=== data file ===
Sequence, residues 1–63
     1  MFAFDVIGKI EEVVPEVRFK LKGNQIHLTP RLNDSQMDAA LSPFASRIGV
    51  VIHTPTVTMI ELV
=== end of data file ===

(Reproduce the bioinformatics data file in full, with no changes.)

Sequence, residues 1–63
     1  MFAFDVIGKI EEVVPEVRFK LKGNQIHLTP RLNDSQMDAA LSPFASRIGV
    51  VIHTPTVTMI ELV